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In the future, ultrahigh-speed spintronics will require ultrafast coherent magnetization reversal within a picosecond -- one-trillionth of a second. Spintronics centers on an electron's spin and magnetic moment in solid-state devices. While this may eventually be achieved via irradiation with a nearly monocyclic terahertz pulse, the small change of magnetization, or modulation, it generates has so far prevented any practical application of this technique.


Generally, the "magnetic field" component of a terahertz pulse is considered to be the origin of the coherent terahertz response of the magnetization. But, as a group of University of Tokyo researchers previously discovered, the "electric field" component of a terahertz pulse plays a key role in the terahertz magnetization modulation of semiconductor-based ferromagnetic materials.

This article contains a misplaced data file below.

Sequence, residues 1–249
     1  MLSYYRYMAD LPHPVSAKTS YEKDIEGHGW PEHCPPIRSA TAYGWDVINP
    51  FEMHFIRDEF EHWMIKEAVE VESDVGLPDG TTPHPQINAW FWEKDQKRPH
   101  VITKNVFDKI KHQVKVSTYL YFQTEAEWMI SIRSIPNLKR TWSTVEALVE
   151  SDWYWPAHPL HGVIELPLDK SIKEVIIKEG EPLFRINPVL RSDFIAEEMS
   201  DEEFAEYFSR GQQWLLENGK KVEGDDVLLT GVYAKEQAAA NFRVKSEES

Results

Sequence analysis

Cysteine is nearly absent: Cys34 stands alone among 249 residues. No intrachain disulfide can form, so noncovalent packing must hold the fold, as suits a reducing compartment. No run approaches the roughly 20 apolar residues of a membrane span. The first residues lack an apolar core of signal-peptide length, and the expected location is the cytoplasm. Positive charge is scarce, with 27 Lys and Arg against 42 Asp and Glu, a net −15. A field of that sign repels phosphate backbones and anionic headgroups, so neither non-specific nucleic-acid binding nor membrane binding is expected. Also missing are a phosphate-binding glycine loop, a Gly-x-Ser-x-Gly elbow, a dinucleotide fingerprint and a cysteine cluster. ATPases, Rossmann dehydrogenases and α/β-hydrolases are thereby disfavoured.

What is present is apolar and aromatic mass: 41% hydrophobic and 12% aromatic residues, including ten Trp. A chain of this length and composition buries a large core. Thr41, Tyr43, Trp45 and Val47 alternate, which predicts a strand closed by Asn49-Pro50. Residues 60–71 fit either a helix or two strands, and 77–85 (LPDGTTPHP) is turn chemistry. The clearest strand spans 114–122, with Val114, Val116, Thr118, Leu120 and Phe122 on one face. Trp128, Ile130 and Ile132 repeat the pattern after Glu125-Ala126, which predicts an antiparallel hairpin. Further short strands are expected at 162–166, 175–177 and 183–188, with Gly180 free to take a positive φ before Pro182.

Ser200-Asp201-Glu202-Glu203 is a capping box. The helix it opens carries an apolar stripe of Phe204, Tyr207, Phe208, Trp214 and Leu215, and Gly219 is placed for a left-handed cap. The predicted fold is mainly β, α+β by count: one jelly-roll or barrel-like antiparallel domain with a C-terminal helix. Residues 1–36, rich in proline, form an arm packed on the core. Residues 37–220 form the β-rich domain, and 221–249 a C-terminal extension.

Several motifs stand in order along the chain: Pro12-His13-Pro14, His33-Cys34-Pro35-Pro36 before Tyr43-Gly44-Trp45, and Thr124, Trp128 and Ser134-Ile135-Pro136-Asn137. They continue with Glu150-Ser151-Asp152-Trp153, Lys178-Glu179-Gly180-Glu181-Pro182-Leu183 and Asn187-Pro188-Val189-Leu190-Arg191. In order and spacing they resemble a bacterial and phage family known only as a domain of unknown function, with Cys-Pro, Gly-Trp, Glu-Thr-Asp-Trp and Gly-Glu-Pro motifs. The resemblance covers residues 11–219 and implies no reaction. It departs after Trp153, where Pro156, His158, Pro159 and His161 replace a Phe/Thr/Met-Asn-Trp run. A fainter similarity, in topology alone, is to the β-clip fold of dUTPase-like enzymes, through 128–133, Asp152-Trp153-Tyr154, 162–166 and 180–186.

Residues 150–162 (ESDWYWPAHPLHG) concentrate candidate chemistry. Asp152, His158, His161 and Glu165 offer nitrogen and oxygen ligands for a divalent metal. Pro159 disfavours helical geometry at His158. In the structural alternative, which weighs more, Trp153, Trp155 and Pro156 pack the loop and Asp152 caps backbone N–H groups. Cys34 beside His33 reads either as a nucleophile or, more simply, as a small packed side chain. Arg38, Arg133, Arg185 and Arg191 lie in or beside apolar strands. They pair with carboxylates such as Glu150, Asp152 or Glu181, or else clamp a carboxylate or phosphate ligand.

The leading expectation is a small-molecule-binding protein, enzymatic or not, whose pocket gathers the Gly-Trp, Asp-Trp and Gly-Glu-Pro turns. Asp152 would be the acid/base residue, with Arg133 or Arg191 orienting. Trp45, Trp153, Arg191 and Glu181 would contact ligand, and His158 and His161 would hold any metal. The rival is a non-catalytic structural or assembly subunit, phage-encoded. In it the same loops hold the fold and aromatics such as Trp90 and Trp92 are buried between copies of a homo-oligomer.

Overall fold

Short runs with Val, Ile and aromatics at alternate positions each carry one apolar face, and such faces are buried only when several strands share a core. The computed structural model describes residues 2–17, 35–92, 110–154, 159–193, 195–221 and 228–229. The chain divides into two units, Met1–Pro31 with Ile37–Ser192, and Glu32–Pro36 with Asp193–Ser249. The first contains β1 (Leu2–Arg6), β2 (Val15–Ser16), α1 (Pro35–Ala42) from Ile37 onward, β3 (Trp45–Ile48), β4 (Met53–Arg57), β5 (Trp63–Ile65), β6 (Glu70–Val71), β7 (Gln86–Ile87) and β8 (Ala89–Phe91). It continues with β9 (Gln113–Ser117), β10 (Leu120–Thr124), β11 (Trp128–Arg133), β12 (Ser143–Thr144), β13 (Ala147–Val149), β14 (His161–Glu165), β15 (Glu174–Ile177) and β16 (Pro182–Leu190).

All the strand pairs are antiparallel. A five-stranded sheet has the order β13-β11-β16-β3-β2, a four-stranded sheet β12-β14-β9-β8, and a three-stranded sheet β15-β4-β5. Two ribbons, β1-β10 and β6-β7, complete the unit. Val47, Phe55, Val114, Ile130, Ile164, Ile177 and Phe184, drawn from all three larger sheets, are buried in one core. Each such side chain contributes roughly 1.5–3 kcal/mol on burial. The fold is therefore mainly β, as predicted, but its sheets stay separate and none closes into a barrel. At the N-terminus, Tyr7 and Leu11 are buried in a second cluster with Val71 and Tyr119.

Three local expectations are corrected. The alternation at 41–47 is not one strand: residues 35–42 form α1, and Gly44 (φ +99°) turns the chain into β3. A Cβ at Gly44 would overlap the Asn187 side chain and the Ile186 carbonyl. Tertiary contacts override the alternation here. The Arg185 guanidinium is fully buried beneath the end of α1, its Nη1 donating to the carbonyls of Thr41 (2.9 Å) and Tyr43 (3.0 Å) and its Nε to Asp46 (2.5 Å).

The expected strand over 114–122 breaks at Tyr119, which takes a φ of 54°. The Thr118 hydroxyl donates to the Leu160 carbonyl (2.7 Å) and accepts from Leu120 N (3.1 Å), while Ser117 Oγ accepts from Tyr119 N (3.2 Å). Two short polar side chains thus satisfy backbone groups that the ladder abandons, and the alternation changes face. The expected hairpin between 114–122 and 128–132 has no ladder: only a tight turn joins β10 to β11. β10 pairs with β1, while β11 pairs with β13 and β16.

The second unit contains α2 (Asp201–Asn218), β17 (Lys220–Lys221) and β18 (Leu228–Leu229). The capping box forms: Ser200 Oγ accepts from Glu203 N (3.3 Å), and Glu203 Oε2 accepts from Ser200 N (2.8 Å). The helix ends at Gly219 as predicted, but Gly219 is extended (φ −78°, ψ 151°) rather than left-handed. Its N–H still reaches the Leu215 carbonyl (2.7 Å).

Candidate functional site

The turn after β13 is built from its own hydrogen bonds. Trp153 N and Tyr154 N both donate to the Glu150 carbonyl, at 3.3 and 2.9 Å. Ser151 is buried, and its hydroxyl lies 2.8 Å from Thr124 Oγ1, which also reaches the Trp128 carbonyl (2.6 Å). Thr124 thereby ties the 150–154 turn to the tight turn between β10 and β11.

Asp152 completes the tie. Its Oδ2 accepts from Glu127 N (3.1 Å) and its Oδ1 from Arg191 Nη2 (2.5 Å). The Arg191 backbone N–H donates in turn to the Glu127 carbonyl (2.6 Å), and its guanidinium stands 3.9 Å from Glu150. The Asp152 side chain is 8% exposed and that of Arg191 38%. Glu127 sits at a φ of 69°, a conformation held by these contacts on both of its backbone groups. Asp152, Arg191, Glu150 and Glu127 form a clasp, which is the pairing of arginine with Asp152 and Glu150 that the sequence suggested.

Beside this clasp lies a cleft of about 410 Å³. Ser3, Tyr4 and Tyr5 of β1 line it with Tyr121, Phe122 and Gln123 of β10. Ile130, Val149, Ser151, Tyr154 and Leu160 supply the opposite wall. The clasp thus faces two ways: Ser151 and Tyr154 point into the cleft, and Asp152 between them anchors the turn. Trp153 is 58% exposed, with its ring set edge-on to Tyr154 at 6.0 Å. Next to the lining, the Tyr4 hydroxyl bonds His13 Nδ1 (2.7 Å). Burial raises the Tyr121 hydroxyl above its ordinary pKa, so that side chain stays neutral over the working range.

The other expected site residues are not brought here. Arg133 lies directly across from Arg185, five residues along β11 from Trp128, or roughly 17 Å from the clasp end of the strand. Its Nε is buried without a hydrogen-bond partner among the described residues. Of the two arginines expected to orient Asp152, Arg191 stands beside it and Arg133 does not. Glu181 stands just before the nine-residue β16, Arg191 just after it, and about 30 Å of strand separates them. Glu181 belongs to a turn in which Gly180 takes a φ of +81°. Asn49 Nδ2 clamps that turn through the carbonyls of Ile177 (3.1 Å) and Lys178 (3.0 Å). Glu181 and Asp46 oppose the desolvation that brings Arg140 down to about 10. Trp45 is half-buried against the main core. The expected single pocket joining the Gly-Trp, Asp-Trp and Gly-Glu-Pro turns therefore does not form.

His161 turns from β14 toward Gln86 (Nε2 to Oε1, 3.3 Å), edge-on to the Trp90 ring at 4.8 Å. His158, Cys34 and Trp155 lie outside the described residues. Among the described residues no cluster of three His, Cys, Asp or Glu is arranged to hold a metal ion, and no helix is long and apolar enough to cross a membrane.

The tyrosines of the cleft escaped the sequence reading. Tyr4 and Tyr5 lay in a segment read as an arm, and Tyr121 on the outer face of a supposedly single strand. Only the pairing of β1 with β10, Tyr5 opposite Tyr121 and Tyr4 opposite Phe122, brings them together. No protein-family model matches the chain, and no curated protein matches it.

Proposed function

Now the group reports in the journal Applied Physics Letters, from AIP Publishing, that their initial discovery inspired them to explore ferromagnetic nanoparticles embedded within a semiconductor. Their theory was that the electric field of the terahertz pulse could be effectively applied to each nanoparticle due to the small energy loss of the terahertz pulse during its propagation through a semiconductor.

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Category: Science